Ideas for living in flow with the Fall energy
Which of these 5 types of procrastinator are you? (Fast Company website)
Break Past That “Waiting” Game You’re Playing Because It’s Killing Your Business (The New Generation Entrepreneur Podcast)
5 reasons why you can’t stop procrastinating and how to avoid it so you can get things done (Krista Bauer Creative)
Fantastic article! It made me think of when I started blogging and I spent SO MUCH TIME on every post. I re-read them over and over, agonized about the finding the perfect pictures, the perfect title, the perfect intro. . . now when I started writing again I had the very different mindset of “it doesn’t have to be perfect, it just has to be.” And I threw myself into it because it’s now a lot more fun that it used to be without that stress of perfection!
Something else that stood out to me was “A slow subconscious drain on my mental energy by having something hanging over my head that I know needs to be done, acted on, or decided.” This is why I try to knock out the week’s cleaning chores etc. early in the week, because if I don’t the knowledge that it has to be done and the week is coming closer and closer to an end is way more stressful than the actual task itself (like my current looming deadline of cleaning the master bath. . .).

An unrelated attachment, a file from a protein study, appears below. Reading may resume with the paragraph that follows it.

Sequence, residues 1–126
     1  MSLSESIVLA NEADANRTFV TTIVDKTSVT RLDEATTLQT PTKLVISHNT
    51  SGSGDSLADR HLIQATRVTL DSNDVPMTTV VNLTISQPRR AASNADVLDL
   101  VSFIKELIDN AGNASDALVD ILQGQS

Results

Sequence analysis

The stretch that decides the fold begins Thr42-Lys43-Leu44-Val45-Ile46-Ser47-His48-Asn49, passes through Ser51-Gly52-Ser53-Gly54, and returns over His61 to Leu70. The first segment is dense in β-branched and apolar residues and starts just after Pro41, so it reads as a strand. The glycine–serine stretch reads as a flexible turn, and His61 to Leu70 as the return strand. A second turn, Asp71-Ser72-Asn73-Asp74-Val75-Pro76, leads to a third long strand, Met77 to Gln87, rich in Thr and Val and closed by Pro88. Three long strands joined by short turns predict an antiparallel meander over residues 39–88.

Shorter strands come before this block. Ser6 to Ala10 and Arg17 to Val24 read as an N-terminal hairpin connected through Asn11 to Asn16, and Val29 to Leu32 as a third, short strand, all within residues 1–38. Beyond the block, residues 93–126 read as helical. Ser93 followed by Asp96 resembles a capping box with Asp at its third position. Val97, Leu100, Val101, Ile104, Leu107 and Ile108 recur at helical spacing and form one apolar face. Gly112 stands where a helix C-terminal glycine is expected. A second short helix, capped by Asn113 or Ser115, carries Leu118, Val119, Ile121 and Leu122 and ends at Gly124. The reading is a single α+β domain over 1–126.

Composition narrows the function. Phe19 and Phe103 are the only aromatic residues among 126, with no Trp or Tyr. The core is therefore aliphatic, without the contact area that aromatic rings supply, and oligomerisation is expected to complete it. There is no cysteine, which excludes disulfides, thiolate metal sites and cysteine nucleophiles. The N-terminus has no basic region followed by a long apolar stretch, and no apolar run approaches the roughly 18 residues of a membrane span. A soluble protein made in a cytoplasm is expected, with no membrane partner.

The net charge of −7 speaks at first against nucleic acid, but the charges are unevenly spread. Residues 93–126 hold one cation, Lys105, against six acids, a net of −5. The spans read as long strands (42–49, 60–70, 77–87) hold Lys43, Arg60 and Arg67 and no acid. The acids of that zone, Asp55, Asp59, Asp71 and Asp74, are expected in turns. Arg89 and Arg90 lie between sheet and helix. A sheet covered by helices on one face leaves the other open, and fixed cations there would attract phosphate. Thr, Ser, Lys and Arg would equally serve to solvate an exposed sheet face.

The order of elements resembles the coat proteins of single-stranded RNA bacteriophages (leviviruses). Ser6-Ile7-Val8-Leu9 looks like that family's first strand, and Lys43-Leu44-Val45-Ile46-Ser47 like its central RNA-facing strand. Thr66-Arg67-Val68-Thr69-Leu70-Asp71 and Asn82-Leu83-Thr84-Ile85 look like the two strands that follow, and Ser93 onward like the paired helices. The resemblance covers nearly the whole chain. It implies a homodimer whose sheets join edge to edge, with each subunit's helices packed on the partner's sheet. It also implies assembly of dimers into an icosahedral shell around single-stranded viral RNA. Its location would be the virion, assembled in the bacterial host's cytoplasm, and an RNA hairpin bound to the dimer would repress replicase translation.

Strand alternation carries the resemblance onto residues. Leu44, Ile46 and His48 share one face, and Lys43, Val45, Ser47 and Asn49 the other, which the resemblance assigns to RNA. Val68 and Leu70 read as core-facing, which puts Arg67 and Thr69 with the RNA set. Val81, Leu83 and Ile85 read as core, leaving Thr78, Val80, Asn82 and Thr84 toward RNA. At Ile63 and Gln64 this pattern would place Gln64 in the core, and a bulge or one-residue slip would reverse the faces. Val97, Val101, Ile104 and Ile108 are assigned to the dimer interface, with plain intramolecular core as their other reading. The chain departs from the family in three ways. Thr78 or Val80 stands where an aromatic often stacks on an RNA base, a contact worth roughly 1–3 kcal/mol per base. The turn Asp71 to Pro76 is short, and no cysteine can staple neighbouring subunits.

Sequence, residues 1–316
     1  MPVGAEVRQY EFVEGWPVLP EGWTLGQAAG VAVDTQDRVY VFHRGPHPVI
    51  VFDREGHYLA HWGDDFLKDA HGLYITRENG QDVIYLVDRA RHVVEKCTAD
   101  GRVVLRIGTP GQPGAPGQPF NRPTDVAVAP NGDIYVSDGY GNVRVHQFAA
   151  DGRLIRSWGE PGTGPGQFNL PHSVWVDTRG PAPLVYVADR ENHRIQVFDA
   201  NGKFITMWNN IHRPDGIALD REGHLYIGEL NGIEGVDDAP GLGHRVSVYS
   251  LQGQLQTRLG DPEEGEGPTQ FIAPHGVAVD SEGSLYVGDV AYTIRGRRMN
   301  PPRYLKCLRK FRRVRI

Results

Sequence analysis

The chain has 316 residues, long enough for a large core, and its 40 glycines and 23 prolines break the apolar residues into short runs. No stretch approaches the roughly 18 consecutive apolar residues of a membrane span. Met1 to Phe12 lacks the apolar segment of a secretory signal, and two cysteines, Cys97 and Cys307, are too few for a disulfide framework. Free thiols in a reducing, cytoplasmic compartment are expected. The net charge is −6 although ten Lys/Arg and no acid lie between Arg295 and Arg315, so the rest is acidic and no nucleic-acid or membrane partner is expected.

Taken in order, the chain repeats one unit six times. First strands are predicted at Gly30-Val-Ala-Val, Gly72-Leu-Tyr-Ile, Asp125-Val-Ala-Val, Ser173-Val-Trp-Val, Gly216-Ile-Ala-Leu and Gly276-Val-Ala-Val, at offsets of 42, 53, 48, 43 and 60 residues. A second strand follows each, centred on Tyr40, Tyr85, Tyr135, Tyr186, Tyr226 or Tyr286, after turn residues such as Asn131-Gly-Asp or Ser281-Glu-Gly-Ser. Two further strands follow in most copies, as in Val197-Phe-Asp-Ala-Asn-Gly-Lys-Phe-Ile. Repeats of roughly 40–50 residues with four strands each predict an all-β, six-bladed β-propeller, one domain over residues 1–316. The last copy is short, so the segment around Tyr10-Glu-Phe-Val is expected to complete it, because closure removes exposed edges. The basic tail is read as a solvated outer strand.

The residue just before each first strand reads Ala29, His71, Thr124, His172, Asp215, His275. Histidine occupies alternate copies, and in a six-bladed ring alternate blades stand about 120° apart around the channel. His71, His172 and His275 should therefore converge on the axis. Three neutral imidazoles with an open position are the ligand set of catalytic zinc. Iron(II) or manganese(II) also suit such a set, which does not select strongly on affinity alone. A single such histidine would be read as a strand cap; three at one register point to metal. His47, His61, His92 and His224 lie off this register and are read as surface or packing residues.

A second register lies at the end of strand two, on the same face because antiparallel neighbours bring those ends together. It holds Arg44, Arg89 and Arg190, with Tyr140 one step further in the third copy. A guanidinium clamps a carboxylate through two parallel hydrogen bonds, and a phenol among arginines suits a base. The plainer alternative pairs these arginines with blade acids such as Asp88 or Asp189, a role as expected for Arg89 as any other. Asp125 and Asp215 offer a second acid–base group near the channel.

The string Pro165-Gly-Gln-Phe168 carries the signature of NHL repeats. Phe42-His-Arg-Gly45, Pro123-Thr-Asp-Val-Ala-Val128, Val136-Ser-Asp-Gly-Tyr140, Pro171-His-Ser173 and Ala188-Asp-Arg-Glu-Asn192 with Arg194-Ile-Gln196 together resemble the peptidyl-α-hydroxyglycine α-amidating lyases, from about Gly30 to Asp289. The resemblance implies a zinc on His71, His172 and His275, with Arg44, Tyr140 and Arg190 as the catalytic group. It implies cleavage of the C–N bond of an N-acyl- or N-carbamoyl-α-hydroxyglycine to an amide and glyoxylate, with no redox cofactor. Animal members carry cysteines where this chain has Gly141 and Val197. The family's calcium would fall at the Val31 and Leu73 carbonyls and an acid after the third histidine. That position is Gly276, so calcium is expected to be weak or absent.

This is why we need to learn how we work and how we can make things work for us, and not the other way around! 🙂
Hi Erika! Thanks for your thoughtful comments and feedback! That’s a great strategy about getting your chores done early in the week — I bet it feels wonderful knowing you have that done. PS — It’s great to see you back to blogging! You’re inspiring me to get going with some new content! 🙂
Hi! Yeah it’s fun to be back to it, the pandemic had me thrown for a loop and it helped the stress to focus on more physical hobbies, like gardening and house projects. But writing is a perfect winter activity! 😉